Monday, July 14, 2008

A New Career?

Have you seen the commercials for Serta Sleep Centres featuring the sheep being put out of business because Serta mattresses are so comfortable, folks have no trouble falling asleep? I love the Serta sheep. So this morning, during one such commercial, I said, "I want a Serta sheep."

My husband thought I said, "I want a herd of sheep."

Prompting him to wonder if I was wishing to take up shepherding as a new calling.

In other TV news, did you catch the new show, Flashpoint? Just FYI, the facility for the real Toronto Emergency Task Force is not very far from the Harlequin offices in Toronto.

There was an article in today's Globe and Mail about Thrillerfest, the International Thriller Writers conference. I was immediately aware of the general tone of respect for the writers attending -- quite different from the often "these pathetic dizzy dames who wannabe writers" coverage romance events elicits. Is it because Thrillerfest is attended mostly by men and the sessions are about guns 'n' stuff? Or is it because of the Romantic Times convention, which is more fan-based, so it has more of a Trekkie convention atmosphere with the costumes and male models? Unfortunately, I don't think many in the media distinguish between the Romantic Times convention and the RWA national conference, although they are two different kettles of fish -- at least for now, and I hope it stays that way.

One other thing I noted: the "speed dating" agent sessions. Instead of 10 minutes or so, writers get three to pitch their ideas. I think agents and editors might love this shorter time -- it's not as if an author's going to be making an actual sale at that moment anyway. Would a shorter time make writers less nervous? After all, you don't have time to really crash and burn. But it's a lot less time to get your idea across. It's not much more time than it would take to present your card. OTOH, those sessions are pretty fatiguing for agents and editors. Would shorter sessions keep fatigue at bay longer and keep them attentive longer?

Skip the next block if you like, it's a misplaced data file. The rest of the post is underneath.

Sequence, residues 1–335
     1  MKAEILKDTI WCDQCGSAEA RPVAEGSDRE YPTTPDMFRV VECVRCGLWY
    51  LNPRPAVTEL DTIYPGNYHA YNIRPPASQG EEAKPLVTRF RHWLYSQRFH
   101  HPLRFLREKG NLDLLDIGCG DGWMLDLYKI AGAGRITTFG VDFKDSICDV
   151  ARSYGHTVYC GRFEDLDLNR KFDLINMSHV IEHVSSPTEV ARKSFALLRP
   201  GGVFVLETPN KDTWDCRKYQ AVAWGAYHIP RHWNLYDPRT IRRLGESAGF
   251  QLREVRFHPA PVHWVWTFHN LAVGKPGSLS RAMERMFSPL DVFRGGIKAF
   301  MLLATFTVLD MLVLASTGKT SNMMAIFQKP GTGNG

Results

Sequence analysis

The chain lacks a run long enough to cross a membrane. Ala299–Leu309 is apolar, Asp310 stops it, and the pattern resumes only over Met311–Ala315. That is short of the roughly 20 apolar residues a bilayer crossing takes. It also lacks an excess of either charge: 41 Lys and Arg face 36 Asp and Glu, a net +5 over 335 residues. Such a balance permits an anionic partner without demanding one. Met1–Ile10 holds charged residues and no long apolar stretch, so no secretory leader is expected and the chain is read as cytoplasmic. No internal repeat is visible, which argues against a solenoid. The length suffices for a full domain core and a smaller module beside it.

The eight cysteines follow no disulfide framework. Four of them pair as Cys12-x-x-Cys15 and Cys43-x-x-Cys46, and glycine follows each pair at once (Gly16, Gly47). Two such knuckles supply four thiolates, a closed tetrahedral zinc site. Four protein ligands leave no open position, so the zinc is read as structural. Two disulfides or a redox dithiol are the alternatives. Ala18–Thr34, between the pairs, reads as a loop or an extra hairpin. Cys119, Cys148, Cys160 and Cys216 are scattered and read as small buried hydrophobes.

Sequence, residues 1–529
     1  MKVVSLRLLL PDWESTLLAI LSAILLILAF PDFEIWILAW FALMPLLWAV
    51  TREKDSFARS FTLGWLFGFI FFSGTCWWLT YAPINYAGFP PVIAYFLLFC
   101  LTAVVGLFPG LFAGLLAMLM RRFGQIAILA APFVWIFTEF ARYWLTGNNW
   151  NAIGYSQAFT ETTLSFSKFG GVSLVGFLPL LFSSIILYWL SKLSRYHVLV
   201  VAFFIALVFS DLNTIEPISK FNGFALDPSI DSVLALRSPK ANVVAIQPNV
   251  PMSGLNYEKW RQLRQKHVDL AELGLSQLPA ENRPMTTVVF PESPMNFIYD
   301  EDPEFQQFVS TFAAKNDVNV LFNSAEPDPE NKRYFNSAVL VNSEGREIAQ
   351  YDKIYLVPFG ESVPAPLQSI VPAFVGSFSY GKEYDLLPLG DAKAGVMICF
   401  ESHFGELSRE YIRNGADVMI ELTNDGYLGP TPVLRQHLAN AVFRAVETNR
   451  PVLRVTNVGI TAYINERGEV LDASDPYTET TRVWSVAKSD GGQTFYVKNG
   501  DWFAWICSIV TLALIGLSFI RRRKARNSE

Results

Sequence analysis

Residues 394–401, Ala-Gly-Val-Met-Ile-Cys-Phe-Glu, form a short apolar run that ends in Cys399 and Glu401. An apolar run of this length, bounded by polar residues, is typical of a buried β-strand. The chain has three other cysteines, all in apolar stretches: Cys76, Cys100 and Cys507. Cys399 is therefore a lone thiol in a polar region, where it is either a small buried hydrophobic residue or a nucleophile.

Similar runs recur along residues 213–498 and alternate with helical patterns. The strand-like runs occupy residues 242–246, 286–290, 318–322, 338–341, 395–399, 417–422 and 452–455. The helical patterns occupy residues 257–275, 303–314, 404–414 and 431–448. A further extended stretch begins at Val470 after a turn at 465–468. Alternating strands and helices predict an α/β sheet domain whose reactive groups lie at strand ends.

Which would you prefer?

Coming later this week: one of the most common, major mistakes I see in romance synopses


Michelle Styles said...

What I often find interesting is when you read comments by thriller writers and they think they get no respect.

I suspect that most agents/editors go into the pitching thing predisposed to say yes to a partial, unless it will really not work for them. Unless they actually see the written words, they can not determine if the book is going to be something they can get behind.
Equally, when you are pitching to so many agents/editors is there a whiff of desperation?
It would interesting to see the statistics on how many get taken on after doing such a thing.

Kimber Chin said...

I guess I'm lucky
because I hang out
with business folks.
They have a LOT of respect for romance writers for a few reasons.
Our books make money.
We know how to take care of our customer/reader base.
There is a high acceptance of new ventures/writers.
We're pushing innovation in the publishing business.
The media has a love/hate relationship with romance novels so we're almost always in the press (for good/bad reasons).

Margaret Moore said...

Michelle - I've heard editors say they are most likely to ask for a partial unless, as you say, the book is way out there. They know they can't tell by a person's interview whether the book will work or not, which is why I wish folks wouldn't get so nervous about pitches!

That's great to hear, Kimber! It puts a grin on my face to think of business types nodding sagely when discussing romance novels.

Kimber Chin said...

Well, before we get too self confident,
business folks have a healthy respect for the adult entertainment business too
for very similar reasons.